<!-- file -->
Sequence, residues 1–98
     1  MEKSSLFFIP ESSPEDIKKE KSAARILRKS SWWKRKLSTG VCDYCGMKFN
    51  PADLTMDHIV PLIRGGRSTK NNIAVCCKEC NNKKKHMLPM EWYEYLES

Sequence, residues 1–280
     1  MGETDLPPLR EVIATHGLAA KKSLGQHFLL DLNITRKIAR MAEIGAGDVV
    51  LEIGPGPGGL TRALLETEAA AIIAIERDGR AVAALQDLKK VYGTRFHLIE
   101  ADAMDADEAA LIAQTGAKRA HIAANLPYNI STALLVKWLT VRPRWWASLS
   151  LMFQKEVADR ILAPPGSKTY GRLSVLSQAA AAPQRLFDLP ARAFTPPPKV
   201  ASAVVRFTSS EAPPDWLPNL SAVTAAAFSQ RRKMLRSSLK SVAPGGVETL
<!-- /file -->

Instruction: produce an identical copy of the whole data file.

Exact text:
Sequence, residues 1–98
     1  MEKSSLFFIP ESSPEDIKKE KSAARILRKS SWWKRKLSTG VCDYCGMKFN
    51  PADLTMDHIV PLIRGGRSTK NNIAVCCKEC NNKKKHMLPM EWYEYLES

Sequence, residues 1–280
     1  MGETDLPPLR EVIATHGLAA KKSLGQHFLL DLNITRKIAR MAEIGAGDVV
    51  LEIGPGPGGL TRALLETEAA AIIAIERDGR AVAALQDLKK VYGTRFHLIE
   101  ADAMDADEAA LIAQTGAKRA HIAANLPYNI STALLVKWLT VRPRWWASLS
   151  LMFQKEVADR ILAPPGSKTY GRLSVLSQAA AAPQRLFDLP ARAFTPPPKV
   201  ASAVVRFTSS EAPPDWLPNL SAVTAAAFSQ RRKMLRSSLK SVAPGGVETL